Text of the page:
Welcome to the PMHS Integration Home Page. This page is a resource for all teachers as we implement our 1:1 program and continue to integrate technology into our classrooms. If you teach upperclassmen, and don’t have Chromebooks in your classes yet, much of this information is still relevant and applicable. You can utilize the computer labs like you always have.
- The SAMR model of technology integration
- Useful cross-curricular apps, extensions, and tech-related practices for teachers, students, and learning
- Chromebook 1:1 Information
- Hardware and Operating System
- Helpful shortcuts
- 1:1 uses
ISTE Standards for Students:
ISTE, the International Society for Technology in Education, recently updated and released their standards for students. These standards represent the skills, habits, and abilities students should have as they relate to technology. These standards overlap the areas of classroom integration, computer science, Prospect’s mission statement of personalization, our core values, and student-centered pedagogical approaches. NH ICT standards are informed by ISTE, and while our current state standards are based on older ISTE standards, the state will update our ICT standards to reflect this recent change by ISTE at some point in the future. To that end, let’s get ahead of the curve. Resources and strategies I share will be connected in some way to one or more of these standards. Take some time to familiarize yourself with these standards before delving into the resources.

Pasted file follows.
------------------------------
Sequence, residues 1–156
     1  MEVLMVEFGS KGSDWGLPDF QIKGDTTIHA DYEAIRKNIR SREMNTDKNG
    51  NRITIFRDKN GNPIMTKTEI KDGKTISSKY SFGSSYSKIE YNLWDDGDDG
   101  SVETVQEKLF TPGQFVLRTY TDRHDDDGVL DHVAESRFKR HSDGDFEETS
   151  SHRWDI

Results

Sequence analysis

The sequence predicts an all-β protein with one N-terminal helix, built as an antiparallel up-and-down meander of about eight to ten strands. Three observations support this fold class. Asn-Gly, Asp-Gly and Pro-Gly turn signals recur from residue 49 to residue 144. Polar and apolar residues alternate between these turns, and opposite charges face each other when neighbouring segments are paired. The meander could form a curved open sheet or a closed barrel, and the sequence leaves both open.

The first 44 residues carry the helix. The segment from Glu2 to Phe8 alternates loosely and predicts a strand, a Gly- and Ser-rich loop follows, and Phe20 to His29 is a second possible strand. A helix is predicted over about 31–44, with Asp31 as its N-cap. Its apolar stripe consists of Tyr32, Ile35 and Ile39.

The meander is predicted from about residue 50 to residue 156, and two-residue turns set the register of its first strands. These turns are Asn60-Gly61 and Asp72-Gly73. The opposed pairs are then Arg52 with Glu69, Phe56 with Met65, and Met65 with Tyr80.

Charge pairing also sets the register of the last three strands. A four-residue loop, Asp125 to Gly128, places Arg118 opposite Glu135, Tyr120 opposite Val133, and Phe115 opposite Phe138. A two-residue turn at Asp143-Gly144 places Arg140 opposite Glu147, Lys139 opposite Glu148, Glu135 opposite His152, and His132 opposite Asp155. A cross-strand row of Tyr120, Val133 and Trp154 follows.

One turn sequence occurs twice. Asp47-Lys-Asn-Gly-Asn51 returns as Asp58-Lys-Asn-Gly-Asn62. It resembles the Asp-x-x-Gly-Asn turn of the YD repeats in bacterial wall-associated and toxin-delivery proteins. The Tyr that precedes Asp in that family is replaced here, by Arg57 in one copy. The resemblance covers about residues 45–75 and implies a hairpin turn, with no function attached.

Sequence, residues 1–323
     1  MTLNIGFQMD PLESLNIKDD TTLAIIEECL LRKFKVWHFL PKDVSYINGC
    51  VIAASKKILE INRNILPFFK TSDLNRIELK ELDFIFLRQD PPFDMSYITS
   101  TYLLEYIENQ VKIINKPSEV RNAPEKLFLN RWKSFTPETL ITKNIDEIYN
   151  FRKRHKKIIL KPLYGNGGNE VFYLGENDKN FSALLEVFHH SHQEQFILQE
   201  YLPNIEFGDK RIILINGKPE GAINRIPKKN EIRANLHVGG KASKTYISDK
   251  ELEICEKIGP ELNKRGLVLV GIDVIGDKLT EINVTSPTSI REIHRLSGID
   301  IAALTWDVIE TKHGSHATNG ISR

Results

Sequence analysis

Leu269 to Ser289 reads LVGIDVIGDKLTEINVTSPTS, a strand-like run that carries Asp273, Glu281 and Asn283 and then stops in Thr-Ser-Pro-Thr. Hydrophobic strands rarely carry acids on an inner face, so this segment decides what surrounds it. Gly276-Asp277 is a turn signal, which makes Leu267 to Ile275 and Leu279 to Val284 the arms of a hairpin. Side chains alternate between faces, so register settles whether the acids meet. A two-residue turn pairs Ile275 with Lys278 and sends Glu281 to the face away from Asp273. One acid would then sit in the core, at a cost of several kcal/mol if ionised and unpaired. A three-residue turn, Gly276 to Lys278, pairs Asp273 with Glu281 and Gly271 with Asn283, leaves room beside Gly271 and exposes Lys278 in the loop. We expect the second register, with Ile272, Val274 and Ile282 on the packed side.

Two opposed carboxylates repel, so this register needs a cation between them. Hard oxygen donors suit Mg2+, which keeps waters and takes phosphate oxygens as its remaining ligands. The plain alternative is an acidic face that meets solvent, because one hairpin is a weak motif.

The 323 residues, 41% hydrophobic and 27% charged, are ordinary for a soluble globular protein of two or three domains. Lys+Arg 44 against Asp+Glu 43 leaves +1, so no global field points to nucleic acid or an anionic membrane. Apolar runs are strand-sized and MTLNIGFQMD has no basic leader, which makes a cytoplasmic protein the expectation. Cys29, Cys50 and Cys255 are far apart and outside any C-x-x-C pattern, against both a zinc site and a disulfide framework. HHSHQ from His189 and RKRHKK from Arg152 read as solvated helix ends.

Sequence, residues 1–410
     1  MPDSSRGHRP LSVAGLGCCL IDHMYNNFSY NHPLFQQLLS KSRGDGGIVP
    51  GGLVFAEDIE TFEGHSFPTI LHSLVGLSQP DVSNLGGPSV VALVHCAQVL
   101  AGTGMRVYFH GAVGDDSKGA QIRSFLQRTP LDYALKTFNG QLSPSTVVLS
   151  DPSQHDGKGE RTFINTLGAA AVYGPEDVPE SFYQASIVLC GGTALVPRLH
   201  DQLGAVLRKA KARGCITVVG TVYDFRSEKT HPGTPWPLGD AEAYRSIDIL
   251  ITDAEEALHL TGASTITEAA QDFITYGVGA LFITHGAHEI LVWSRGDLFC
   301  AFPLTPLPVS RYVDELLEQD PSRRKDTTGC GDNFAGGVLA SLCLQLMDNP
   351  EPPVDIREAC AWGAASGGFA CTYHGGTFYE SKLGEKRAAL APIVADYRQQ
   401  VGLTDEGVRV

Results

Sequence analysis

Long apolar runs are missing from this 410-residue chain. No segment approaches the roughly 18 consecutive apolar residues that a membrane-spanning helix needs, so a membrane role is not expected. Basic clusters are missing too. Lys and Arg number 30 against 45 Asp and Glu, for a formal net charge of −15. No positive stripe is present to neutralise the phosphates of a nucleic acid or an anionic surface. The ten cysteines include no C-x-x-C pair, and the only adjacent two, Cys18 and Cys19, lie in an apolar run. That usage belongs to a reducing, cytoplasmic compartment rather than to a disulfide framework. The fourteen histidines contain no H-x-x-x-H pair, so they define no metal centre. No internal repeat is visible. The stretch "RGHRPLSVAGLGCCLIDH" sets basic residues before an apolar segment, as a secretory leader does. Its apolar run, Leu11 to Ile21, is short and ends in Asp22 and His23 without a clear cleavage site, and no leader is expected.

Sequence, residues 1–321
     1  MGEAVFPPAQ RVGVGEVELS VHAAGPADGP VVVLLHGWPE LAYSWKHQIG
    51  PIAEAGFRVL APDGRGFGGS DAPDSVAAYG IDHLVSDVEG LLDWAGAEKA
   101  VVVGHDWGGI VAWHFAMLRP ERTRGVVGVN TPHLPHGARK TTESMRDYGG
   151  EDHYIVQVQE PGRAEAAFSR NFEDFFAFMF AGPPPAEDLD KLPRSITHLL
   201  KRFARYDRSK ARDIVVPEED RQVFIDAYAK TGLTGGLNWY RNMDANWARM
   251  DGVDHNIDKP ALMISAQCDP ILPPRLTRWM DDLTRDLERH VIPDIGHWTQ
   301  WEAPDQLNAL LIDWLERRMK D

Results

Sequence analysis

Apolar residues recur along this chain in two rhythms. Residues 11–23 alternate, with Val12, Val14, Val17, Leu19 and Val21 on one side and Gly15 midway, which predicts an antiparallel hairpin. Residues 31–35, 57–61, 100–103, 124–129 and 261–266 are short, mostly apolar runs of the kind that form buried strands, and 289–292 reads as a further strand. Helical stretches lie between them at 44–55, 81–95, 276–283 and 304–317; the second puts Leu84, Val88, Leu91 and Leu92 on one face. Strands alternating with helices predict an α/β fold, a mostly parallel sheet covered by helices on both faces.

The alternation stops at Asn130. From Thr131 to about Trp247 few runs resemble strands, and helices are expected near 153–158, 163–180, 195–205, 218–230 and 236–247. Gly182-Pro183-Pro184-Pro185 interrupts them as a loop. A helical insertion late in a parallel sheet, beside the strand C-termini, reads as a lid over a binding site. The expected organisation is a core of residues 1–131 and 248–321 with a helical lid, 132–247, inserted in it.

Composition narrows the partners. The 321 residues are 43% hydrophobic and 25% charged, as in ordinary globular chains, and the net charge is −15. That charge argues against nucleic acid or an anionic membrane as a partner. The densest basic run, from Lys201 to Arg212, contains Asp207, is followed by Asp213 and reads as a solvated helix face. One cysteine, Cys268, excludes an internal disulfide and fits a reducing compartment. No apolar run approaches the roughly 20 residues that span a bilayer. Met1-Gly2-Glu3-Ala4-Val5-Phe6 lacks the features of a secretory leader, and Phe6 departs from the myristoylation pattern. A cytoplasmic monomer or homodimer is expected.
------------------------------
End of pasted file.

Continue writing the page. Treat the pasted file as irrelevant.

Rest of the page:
1. Empowered Learner
Students leverage technology to take an active role in choosing, achieving and demonstrating competency in their learning goals, informed by the learning sciences.
a. articulate and set personal learning goals, develop strategies leveraging technology to achieve them and reflect on the learning process itself to improve learning outcomes.
b. build networks and customize their learning environments in ways that support the learning process.
c. use technology to seek feedback that informs and improves their practice and to demonstrate their learning in a variety of ways.
d. understand the fundamental concepts of technology operations, demonstrate the ability to choose, use and troubleshoot current technologies and are able to transfer their knowledge to explore emerging technologies.